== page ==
They are minimising their water consumption by getting 2-3 uses out of every last drop: The warm cooling water from the first distilling (stripping) run is piped into a hot water tank ready for brewing beer the next day. In turn, the cooling water from the brewery is then recycled for cleaning.
The waste from malt and molasses is reused by a local farmer for animal feed.
These’s no stopping them…
Their commitment does not stop there; the tasting glasses and can holders are biodegradable, even their business cards are made from recycled t-shirts! They are investigating branded clothing made from recycled plastics and also other biodegradable merchandise and packaging.
The Sober Facts:
About 1.5% of the UK’s CO2 emissions come from alcoholic beverage emissions!
The weight of the CO2 produced by brewing a pint of internationally produced ale is greater than the weight of the beer itself!
The volume of CO2 gas produced is nearly 800 times the volume of the glass it is in! For a pint glass that’s about 100 gallons, about two and a half bathtubs of CO2 or about five times the volume of a car petrol tank!
Its carbon footprint is about 2,300 greater than un-chilled tap water!
These steps are only the beginning, Russ and I have plenty of ideas to innovate further to reduce our carbon emissions in the future, but our focus now is to get the business up and running. Our aim is to be selling beer and rum for the Easter weekend.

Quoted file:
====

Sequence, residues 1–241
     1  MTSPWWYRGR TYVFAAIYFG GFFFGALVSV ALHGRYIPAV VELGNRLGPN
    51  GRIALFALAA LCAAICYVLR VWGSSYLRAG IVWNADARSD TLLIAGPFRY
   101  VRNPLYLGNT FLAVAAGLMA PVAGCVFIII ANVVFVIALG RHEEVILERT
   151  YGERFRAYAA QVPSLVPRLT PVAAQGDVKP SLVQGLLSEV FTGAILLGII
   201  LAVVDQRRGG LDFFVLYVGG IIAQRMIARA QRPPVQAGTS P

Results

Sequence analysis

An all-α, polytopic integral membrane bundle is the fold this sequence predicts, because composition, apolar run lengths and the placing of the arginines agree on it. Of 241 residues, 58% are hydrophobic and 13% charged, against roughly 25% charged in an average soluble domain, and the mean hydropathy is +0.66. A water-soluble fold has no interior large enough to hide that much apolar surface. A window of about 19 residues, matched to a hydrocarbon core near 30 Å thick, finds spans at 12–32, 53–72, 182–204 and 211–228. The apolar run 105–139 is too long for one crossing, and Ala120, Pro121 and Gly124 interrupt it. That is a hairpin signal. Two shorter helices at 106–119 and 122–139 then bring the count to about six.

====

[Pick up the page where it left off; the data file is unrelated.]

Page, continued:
‘Tain’t What You Do (It’s the Way That You Do It), and that’s What Gets Results
So how effective are Two Drifters in reducing carbon emissions?
Russ estimates that every pint of beer from Two Drifters will generate 290g of CO2 which they will offset. They have teamed up with Climeworks who have a plant in Reykjavik that removes CO2 from the air and encapsulates it underground as chalk (calcium carbonate).
According to researchers at Imperial College  high-end lager produces about 668g of CO2 per pint. Locally produced ales have top marks for emissions at just 565g of CO2 per pint. So, remarkably Two Drifters production will be about twice as efficient as the competition.
By drinking a pint of Two Drifters Beers rather than a fancy cold lager you can rest easy in the knowledge that you have saved the planet from the harms of the CO2 equivalent  of 85 mobile phone charges or a 1.6 mile drive in an average car.
Two Drifters’ planned initial production of 1600 litres of beer a week will save the planet from the CO2 equivalent of driving from Exeter to Aberdeen and back five times a week!
Of course enthusiasm and diligence are not enough, reducing carbon emissions is an expensive business so how can Two Drifters be commercially successful?
Gemma explains The Two Drifters’ approach:
By offsetting we are effectively introducing a carbon tax on ourselves to ensure we reduce our CO2 emissions at every step. We will compete on price and quality. Even though CO2 reduction measures narrows our profit margin we are still commercially viable, as long as people like what we make!
Don’t Mess with Mister In-Between
If you are not fortunate enough to live in the South West to enjoy the double pleasure of Two Drifters’ rum and ales how can you help save the planet as you quaff?
It’s easy! Drink locally produced, un-chilled, kegged ales or brew your own!
Much of the CO2 emissions in brewing comes from transport, refrigeration and the production of bottles and cans.
So raise your low carbon glass of beer to Russ and Gemma and all the world’s green entrepreneurs who care about our future and drink to the planet.
With thanks and slight apologies to Johnny Mercer, Harold Arlen, Melvin “Sy” Oliver and James Tummy” Young.